The Cricket in Times Square by George Selden

  • Title: The Cricket in Times Square
  • Author: George Selden
  • Illustrator: Garth Williams
  • Publisher: Farrar, Straus and Giroux
  • Year Published: 1960
  • ISBN: 0374316503
  • List Price: $17.99
  • Page Count: 144
  • Age Range: 8-12 yrs
  • Genre: fiction; animal fantasy
  • Award(s): Newbery Honor;
    American Library Association Notable Children’s Books; Horn Book Magazine Fanfare List

Author information: A short biography of George Selden can be found on the Macmillan website. Selden was the author of fifteen books and two plays, many of which continued to follow the adventures of Chester, Tucker, and their friends. A Cricket in Times Square was also made into an animated movie. Selden died in 1989.

Reviews: School Library Journal gave this book a starred review, and The Horn Book also gave it a positive review. Both reviews mention the whimsy and fun of the novel. Excerpts from both of these can be found on the Macmillan website. Unfortunately, due to the age of the title, it was difficult to find other reviews from the time period during which the book was released, but a recent blog post from SLJ included it on a list of the top 100 children’s novels.

Readers annotation: A little creature can make a big difference, even if he’s just a small cricket in New York City.

Summary: Chester Cricket has lived his entire life in the country, until he accidentally ends up on a bus that brings him into the heart of New York City. In Times Square, Chester meets Tucker, a mouse, and Harry, a cat, who help him adjust to life in the big city. Chester is taken in by a human boy, Mario, who feeds him and gets him a cage to live in. Mario’s family is poor and runs an unsuccessful newsstand in the subway station. In an attempt to repay Mario’s kindness, Chester begins to give concerts in the subway station, drawing huge audiences and making the family newsstand a financial success. Although he loves his new friends and has enjoyed his time in New York, Chester decides to return back to the country where he belongs.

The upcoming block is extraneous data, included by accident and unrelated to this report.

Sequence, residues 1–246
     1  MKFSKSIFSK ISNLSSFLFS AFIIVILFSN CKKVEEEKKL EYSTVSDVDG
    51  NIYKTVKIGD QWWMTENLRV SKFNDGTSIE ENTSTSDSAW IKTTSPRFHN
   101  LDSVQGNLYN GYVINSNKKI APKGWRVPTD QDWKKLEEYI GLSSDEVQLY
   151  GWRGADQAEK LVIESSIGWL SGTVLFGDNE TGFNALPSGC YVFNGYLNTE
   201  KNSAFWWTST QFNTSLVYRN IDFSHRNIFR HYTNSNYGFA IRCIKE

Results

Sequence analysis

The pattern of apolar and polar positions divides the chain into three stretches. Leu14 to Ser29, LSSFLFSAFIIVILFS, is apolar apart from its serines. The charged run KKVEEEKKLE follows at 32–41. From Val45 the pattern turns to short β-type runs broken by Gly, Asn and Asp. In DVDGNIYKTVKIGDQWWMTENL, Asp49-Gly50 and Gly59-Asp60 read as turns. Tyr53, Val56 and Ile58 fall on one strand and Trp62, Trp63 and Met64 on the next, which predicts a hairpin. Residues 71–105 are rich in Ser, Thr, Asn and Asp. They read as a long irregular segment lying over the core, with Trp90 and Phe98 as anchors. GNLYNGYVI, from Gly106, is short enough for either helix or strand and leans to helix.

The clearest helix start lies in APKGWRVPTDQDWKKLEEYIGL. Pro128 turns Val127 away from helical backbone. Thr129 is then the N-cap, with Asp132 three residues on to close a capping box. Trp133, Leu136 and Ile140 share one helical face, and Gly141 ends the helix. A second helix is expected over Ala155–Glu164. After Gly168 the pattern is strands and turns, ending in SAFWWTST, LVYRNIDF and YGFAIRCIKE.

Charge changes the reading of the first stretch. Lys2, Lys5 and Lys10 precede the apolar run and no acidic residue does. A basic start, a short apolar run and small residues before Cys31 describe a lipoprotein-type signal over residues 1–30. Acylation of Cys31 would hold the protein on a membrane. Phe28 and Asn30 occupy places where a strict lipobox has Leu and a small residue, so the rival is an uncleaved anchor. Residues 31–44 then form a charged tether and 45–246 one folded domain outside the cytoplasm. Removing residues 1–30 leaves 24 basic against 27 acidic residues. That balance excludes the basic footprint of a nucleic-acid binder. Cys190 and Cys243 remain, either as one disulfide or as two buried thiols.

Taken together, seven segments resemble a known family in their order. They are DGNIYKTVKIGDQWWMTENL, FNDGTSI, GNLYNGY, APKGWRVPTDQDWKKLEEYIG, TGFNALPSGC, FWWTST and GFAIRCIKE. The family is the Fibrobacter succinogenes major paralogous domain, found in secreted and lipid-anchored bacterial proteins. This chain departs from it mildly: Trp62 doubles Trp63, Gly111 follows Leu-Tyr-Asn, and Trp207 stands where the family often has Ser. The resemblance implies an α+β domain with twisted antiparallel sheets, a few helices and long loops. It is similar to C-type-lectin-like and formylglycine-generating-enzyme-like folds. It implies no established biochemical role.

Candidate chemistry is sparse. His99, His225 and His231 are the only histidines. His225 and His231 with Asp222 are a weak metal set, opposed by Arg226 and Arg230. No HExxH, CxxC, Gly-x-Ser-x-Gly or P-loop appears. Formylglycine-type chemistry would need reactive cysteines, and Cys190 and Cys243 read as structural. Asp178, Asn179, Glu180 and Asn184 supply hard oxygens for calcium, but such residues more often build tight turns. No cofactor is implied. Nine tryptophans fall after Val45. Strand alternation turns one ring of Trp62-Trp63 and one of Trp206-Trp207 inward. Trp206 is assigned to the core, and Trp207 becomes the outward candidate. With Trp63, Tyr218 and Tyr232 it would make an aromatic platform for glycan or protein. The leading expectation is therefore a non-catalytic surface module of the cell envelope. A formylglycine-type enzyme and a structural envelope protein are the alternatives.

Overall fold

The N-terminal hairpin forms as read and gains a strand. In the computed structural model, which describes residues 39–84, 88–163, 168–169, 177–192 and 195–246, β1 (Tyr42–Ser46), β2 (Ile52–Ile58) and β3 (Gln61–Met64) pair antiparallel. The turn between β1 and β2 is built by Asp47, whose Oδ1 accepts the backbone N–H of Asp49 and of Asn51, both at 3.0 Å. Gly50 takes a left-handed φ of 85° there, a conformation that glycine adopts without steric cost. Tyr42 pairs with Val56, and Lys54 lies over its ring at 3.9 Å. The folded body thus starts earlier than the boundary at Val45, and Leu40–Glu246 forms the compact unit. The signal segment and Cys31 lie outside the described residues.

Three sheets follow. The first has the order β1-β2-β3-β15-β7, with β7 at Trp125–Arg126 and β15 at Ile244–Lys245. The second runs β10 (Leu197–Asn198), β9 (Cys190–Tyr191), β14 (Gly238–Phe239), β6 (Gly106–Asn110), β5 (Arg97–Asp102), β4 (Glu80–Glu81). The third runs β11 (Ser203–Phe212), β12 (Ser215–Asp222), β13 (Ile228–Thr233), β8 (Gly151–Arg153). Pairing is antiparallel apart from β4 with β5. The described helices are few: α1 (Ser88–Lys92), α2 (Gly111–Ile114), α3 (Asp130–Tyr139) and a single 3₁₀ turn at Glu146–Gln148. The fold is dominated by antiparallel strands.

Evaluation: Overall, this is a charming book with a few major problems for contemporary audiences. The characters are well-developed and sympathetic and the setting of Times Square provides a colorful backdrop for the antics of the characters. The illustrations by Garth Williams complement the storytelling effectively and make the story come to life while still allowing readers to fill in the blanks with their own imagination. The main concern with this book is in regard to the portrayal of Chinese characters. Both Sai Fong and his friend speak in a stereotypical dialect that transposes all of their “r”s into “l”s, among other things. There are also several uncomfortable mentions about Chinese food and customs that have not aged well and make the book appear more racist than the author probably intended. Both Chinese characters are kind and helpful to Mario, signalling that the author likely had good intentions when writing the book, but the racism cannot be ignored.